If you rush to a hospital emergency room with appendicitis, you'll be quickly scheduled for surgery and admitted to the hospital. If you show up at an ER with a psychiatric problem, it's a different story.
Dr. Wesley Boyd of the Cambridge Health Alliance in Cambridge, Mass., and Dr. Amy Funkenstein of Brown University are publishing a research letter that documents the long waits psychiatric patients must endure before they can be admitted to a hospital for treatment. The reason?
“Most insurance companies require prior authorization before psychiatric patients can be admitted to hospitals, whether they are being admitted through an emergency room or a clinician's office,” Boyd said.
This is not a hoop hospitals must jump through when treating physical ailments. The research letter argues that pre-authorization process is akin to health care "rationing by hassle factor."
Long waits in the ER
As a result, Boyd says patients face long waits in an ER while the physician treating them and other hospital staff spend extended periods of time on the phone with the patient's insurance company.
In the study half of the authorization requests took under 20 minutes to get approval, but 10% took an hour or more. After all that effort, only one of the 53 patients covered in the study was denied authorization. Interestingly, Boyd says Medicare is the only insurance provider that does not require pre-authorization to admit a psychiatric patient.
Boyd says there are three main reasons a psychiatric patient may need to be hospitalized. The most common reason is they are suicidal. They may also be so impaired that they are unable to care for themselves and have no one else to do so. In rare cases, they may be homicidal. Almost all end up in the ER.
“If I see a patient today in a private practice setting and that patient needs to be hospitalized, more likely than not that person is going to have to be cleared medically through an emergency room,” Boyd said.
Medically cleared means the patient needs to be examined for any physical conditions that may also affect their health. But once in the ER, mental health patients must sit and wait while the hospital gets permission from the insurance company to admit them.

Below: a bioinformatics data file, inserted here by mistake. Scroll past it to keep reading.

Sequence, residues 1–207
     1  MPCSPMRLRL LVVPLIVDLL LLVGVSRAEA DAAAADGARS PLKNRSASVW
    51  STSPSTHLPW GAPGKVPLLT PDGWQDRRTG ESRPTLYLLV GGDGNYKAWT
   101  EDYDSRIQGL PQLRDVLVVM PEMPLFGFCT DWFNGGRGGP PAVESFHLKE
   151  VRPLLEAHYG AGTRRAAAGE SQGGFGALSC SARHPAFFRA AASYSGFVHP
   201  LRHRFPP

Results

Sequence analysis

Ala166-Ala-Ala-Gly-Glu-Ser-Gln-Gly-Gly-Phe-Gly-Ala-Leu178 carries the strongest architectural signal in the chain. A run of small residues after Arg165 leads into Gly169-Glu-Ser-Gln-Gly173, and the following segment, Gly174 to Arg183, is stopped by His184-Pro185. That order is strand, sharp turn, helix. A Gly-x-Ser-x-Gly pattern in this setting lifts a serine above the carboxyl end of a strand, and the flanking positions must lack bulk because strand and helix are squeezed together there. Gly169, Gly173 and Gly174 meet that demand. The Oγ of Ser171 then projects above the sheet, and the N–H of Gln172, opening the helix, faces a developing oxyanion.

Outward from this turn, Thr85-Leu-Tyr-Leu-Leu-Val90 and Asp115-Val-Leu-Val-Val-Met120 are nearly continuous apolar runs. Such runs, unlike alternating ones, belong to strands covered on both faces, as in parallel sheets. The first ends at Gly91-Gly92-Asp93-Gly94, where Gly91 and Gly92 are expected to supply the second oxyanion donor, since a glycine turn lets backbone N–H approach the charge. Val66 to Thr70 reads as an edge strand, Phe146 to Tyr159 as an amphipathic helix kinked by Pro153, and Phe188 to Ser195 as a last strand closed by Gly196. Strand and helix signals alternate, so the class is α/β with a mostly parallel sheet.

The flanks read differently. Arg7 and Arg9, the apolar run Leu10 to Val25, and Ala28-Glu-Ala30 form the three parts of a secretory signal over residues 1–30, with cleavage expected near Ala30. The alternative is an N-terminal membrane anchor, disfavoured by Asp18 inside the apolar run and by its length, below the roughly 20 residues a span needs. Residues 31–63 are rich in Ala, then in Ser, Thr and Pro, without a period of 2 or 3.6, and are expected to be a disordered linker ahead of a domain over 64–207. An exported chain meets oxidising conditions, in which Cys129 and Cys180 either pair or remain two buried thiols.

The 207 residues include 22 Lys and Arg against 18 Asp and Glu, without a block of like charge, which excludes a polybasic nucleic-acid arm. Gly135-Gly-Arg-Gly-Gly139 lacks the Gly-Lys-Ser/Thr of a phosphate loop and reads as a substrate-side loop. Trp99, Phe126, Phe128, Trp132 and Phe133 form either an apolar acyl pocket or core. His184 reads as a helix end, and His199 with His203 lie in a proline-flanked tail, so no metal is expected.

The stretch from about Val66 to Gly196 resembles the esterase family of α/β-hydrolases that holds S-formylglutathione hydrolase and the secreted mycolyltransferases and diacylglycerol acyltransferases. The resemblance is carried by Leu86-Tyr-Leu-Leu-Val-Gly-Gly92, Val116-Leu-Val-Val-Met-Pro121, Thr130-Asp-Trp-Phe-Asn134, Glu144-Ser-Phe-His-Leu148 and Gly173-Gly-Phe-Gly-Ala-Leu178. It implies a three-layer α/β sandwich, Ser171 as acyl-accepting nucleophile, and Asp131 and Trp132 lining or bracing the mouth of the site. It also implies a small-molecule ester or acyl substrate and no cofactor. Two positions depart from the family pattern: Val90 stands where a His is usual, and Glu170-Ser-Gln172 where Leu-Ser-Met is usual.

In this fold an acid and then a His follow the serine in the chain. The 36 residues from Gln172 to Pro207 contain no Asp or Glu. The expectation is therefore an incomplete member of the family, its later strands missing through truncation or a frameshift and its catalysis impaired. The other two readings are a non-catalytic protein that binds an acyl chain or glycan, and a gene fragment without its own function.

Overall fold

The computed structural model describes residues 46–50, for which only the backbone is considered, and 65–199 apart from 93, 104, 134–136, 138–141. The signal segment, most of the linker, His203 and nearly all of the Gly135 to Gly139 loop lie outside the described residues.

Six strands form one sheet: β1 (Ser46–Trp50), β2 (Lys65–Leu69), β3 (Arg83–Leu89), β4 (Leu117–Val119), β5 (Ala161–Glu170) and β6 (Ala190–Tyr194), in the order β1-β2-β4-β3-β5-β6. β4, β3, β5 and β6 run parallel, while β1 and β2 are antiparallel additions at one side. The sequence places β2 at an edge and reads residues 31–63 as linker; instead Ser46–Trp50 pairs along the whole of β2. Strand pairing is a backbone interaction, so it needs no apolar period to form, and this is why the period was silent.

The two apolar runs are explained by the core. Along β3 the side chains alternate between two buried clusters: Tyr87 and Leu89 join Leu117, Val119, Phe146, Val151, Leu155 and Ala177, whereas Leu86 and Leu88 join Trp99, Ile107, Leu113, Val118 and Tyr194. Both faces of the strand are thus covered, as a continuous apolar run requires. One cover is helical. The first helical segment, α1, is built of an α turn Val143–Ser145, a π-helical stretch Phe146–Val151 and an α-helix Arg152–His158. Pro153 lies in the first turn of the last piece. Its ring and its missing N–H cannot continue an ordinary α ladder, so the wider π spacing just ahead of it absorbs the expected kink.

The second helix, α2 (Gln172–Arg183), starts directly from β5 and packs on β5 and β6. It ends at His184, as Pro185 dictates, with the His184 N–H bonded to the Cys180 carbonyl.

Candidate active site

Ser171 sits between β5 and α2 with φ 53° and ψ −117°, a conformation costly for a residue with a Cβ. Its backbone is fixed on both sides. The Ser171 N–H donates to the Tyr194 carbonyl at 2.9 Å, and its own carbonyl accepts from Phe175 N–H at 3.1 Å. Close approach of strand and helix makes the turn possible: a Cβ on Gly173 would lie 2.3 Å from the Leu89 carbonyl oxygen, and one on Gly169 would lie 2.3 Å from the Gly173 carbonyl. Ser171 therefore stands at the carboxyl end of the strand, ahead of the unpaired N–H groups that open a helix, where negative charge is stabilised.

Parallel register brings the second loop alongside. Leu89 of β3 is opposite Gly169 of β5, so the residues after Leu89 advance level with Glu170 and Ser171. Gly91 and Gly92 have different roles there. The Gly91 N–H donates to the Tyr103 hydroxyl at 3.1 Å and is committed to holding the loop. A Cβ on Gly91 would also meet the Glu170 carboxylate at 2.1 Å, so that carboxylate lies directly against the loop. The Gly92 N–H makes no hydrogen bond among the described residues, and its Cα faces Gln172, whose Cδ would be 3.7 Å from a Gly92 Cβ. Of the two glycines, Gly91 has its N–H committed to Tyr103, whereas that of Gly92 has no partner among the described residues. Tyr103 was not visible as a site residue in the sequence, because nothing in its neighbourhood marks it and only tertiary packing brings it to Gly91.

“Psychiatry is singled out for this kind of scrutiny far more than any other part of medicine,” Boyd said. “If these same requirements were in place for a woman who came into the hospital in labor, or a sick child who required immediate hospitalization, if you had to get on the phone for 40 minutes with the insurance companies to get permission, there would be a national outcry and the practice would end tomorrow.”
"Psychiatric care is really the poor stepchild in the world of insurance coverage," Funkenstein said.
Boyd says the Affordable Care Act, which takes effect in January 2014, won't do anything to help.
“The Affordable Care Act just requires people to get insurance,” he said. “If you buy any of these private insurance policies these are the rules we're all going to be subjected to.”
Scarcity of services
Boyd thinks part of the problem is a scarcity of mental health services. The scarcity is even worse, he says for children and adolescent patients. So the most vulnerable psychiatric patients are often subjected to the longest waits in the ER.
Boyd interviewed an ER nurse who told him it is not uncommon for a child being treated for psychiatric issues to spend two or three days in her ER, waiting for a bed to open up somewhere. As a result, hospitals are redesigning their ERs to include areas to house psychiatric patients to stay while they are waiting to be admitted to a hospital. The ER, then, has become a temporary psych ward.
“These patients deserve better,” Boyd said.
Boyd believes the problem won't be resolved unless clinicians and administrators are more resolute in dealing with insurance companies, refusing the accept the status quo.